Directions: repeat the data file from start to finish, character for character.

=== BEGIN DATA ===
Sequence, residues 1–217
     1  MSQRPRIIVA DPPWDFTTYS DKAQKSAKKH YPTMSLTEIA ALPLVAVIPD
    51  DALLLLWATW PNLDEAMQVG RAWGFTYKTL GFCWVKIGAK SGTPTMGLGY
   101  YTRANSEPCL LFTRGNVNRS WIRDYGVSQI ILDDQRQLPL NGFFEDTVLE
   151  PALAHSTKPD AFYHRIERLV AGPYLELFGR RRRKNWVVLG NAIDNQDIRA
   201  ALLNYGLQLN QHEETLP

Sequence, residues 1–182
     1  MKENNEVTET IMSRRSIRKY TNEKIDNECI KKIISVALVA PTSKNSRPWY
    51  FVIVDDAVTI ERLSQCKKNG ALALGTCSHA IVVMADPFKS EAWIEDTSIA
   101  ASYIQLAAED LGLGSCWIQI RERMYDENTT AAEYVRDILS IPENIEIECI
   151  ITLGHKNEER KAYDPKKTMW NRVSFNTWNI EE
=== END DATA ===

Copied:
Sequence, residues 1–217
     1  MSQRPRIIVA DPPWDFTTYS DKAQKSAKKH YPTMSLTEIA ALPLVAVIPD
    51  DALLLLWATW PNLDEAMQVG RAWGFTYKTL GFCWVKIGAK SGTPTMGLGY
   101  YTRANSEPCL LFTRGNVNRS WIRDYGVSQI ILDDQRQLPL NGFFEDTVLE
   151  PALAHSTKPD AFYHRIERLV AGPYLELFGR RRRKNWVVLG NAIDNQDIRA
   201  ALLNYGLQLN QHEETLP

Sequence, residues 1–182
     1  MKENNEVTET IMSRRSIRKY TNEKIDNECI KKIISVALVA PTSKNSRPWY
    51  FVIVDDAVTI ERLSQCKKNG ALALGTCSHA IVVMADPFKS EAWIEDTSIA
   101  ASYIQLAAED LGLGSCWIQI RERMYDENTT AAEYVRDILS IPENIEIECI
   151  ITLGHKNEER KAYDPKKTMW NRVSFNTWNI EE